But while the US government may be relatively happy with the Bahamas, it is less so with other Caribbean nations. It said many regional cable TV and radio organisations refused to negotiate royaty rates with music rights holders and their representatives.
Barbados, Jamaica and Trinidad & Tobago were singled out as the “region’s most problematic markets”, with the US government noting rights holders’ complaints over the difficulty of seeking redress through the courts and collecting on any judgments they won.
The Bahamas, meanwhile, is still moving forward with plans to further upgrade its intellectual property rights regime via a seven-strong package of Bills.
Mr Pinder confirmed to Tribune Business that the Bahamas’ main trading partners, both at the WTO and Economic Partnership Agreement (EPA) level (the US and Europe), were “very comfortable” with the changes this nation was proposing.
“We have worked with the Attorney General’s Office on the final amendments to the legislation, and are looking to do this in a fully consultative fashion,” Mr Pinder said.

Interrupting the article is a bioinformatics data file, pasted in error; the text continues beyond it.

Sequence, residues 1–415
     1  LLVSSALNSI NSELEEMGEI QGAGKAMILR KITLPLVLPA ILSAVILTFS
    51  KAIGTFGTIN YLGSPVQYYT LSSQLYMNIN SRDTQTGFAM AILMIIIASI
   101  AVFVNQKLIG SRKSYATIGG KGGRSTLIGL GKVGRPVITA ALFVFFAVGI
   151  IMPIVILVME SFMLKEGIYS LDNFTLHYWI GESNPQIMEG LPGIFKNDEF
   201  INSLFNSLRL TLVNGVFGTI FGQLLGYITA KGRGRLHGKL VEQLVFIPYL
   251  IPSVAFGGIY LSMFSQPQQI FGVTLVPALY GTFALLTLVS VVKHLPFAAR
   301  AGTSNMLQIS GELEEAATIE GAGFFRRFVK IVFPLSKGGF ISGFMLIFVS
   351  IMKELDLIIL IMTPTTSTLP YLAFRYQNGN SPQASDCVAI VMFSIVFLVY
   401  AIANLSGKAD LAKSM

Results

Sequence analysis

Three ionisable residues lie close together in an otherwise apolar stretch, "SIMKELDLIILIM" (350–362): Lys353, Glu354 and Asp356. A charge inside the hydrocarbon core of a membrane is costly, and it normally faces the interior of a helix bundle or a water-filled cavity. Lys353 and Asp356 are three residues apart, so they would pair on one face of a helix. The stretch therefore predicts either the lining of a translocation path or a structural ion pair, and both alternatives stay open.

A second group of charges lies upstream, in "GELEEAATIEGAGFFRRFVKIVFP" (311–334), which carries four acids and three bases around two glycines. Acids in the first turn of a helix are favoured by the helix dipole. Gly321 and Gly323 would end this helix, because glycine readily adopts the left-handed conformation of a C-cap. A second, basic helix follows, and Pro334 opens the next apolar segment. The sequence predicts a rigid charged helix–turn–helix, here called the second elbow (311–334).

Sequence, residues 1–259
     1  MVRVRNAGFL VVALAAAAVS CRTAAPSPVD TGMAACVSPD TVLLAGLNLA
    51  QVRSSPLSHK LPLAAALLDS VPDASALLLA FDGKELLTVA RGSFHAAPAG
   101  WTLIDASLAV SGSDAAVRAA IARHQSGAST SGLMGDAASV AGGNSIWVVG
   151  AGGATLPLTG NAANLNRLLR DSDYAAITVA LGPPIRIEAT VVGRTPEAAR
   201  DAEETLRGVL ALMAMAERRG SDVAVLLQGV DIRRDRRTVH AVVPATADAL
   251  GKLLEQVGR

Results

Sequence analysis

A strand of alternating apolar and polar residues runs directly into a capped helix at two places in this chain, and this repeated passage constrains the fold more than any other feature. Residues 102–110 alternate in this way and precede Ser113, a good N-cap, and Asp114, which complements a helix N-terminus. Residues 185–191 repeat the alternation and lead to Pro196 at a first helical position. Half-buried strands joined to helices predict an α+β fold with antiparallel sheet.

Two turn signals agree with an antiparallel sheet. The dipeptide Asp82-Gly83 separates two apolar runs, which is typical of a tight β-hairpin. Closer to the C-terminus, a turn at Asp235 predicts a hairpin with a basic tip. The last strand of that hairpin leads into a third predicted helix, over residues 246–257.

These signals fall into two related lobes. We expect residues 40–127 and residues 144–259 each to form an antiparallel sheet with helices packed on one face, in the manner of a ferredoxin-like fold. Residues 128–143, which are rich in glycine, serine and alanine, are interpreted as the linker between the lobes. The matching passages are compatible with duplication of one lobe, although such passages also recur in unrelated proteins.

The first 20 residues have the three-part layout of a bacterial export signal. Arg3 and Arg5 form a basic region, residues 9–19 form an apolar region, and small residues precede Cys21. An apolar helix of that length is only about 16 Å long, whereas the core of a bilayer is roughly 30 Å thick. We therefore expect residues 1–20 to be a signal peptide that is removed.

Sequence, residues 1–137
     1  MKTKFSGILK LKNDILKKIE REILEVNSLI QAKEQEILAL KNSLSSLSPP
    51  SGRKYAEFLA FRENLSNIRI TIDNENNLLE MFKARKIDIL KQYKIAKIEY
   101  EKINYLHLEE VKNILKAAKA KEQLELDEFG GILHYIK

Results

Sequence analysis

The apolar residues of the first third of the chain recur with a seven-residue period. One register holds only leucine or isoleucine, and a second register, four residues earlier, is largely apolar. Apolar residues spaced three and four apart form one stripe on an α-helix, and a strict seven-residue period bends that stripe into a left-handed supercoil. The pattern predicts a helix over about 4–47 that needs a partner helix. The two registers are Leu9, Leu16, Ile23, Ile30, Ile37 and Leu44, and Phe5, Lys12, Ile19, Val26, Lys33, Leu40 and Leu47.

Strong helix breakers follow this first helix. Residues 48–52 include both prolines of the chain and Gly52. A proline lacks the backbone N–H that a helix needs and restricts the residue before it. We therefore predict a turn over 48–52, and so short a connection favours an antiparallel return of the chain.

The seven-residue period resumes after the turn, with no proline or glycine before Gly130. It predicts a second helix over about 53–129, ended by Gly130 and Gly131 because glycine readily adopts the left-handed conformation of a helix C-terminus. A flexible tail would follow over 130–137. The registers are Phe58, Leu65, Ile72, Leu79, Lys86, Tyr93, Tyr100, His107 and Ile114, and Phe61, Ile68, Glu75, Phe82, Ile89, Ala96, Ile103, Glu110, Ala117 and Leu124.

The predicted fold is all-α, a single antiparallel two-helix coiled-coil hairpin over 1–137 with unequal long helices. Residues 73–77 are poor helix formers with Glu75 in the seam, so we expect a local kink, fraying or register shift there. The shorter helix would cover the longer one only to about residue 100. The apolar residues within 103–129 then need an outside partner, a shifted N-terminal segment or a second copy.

Both MPs and Senators will be briefed on the Bills prior to Parliament to ensure everyone is comfortable with, and understands, their contents.
“They’ve been fully shared with our large trading partners at the EPA and WTO levels,” Mr Pinder told Tribune Business. “They’re very comfortable with it, and they feel we did a very comprehensive job.”
While some had suggested further amendments to the Bills, Mr Pinder said any changes would be “in the national interest of the Bahamas”.
“Not every amendment was accepted, but our trading partners were very comfortable,” Mr Pinder said.
The seven Bills are the Copyright Bill, Trademarks Bill, Patents Bill, Protection of New Plant Varieties Bill, Integrated Circuits Bill, Geographical Indicators Bill, and False Trademark Descriptions Bill.
Weaknesses in the Bahamas’ intellectual property rights regime remain, though. Other US government agencies regularly ‘flag’ the number of counterfeit products sold at locations such as the Straw Market, and roadside vendors of ‘pirated’ DVDs and CDs are often seen at the roadside.